Interestingly enough, the interviews carried out at both immigration offices have proven that police officers seem to be accept the role played by MLCs, especially insofar as the first application for a stay permit is concerned. These applications consist in an interaction between the MLCs, standing behind a counter next to the police staff, and the foreign citizen opposite.. Forms are printed in Italian and will most likely be filled out by the MLC who will ask the questions and help the applicant with the answers. Quite often applicants will be accompanied by other foreign citizens already living in town who might help translating and suggest the answers. The conversation between the applicant and the accompanying person is often picked up by the MLC, who tends to take up the role of an advocate, at times or, in some cases, taking parts. Other services required by the migrant, such as renewals of stay permits or work permits are available in a version in both Italian and English. Once again, the needs of LOTE speakers will be catered for by MLCs.
State bureaucracy certainly does not facilitate the expeditious translation of any other printed material to be used by immigration offices. In fact, in most venues, notices posted on entrances to the offices are still written in a telegram-style Italian.
Actually, MLCs are hardly ever called interpreters, nor do they identify with these professionals. Mediation cannot, in fact, be equated with interpretation as the former involves empathy and advocacy, often disregarding the very important aspects of neutrality, appropriate register, confidentiality, ethics and face. The task of culture mediators “…is described as broader than that of an interpreter…having a pro-active, informative, educational and in some cases advocacy role…” . (Ozolins, 1998), which, however does not ensure the above mentioned and non negligible aspects of neutrality and confidentiality, definitely guaranteed by a professional interpreter.
The same police officers interviewed, however, did underline that a definitely more “professional and accountable” role is required for police investigations and transcripts of tapes of telephone conversations. These tasks are seldom assigned to MLCs since the civil servants do realize that there is an impelling need for neutrality and confidentiality. Some members of the police staff interviewed have expressed the need for an agreement to be made with the local academic institutions in order to be oriented and supported in this area of public services.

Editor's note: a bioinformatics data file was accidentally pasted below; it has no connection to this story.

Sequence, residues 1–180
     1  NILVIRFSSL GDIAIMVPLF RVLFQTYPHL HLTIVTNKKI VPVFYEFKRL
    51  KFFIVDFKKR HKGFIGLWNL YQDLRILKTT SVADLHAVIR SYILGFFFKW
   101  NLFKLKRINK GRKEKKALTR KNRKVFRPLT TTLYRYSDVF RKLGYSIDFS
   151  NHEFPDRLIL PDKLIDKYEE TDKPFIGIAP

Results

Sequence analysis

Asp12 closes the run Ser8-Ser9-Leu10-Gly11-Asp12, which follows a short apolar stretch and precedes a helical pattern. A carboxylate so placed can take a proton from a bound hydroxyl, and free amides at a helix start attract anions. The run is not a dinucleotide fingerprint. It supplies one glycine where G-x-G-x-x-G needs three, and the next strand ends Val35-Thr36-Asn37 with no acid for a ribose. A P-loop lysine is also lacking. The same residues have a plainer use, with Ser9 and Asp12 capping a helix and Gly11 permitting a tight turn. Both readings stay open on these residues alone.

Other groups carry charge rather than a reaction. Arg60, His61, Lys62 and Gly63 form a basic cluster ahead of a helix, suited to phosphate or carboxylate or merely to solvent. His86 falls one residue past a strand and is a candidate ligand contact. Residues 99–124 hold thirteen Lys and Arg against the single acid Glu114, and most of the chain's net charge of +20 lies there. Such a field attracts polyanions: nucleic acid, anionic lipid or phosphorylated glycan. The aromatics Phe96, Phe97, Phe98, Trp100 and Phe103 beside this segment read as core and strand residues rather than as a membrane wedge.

Other examples of cross-cultural dialogue
Still another interesting aspect which highlights the scope of intercultural communication, is the request police headquarters receive from hospitals and health units, that often call the former institutions to seek interpreters.
There is, therefore, an urgent need to provide a better service to all public institutions. But, at the moment, the problem does not seem to be easy to solve, considering that the role of MLCs is the only one mentioned in the Italian immigration act.
Perhaps more far-sighted are the actions taken by private or semi-private bodies such as the Italian postal service- Poste Italiane– and some banks that are publishing advertising material in at least two languages other than Italian. Brochures are at easy reach in post offices and attractive posters stand in banks offering bank accounts, ways of sending money abroad and other services.
Furthermore, the Catholic Church, together with the Caritas and the International Red Cross, liaise with volunteers who have been offering their services in Italian and, often, in other languages spoken in the community. Perhaps this is the only real field in which the sense of belonging to an intercultural community is strongly felt.
Short-term projects in the field of professionalization of community interpreting and translating
This study is part of a research project aiming at the professionalization of community interpreters and translators which is about to be launched by the author, namely a specialization course to ‘rebrand’ interpreters and offer specialized training in PSIT. The course, offered by the University of Salento, in the academic year 2014-2015, has a limited number of vacancies and will be partially delivered ‘remotely’.
Most likely there need be a joint effort to be made by both the academia and the regional or provincial administrations, who seem to be acknowledging the need to support public offices with a multi-language service to meet the requirements of a fast-changing social fabric, even in urban centers –such as Lecce and Brindisi- which, from historically emigration areas, have been transformed into the virtual boundaries of the European Union and the southern flank of the continent, welcoming peoples coming from the four corners of the world.
(update of a presentation delivered at the University of Alcala de Henares, Spain during the 2nd Fitispos Conference, April 2005)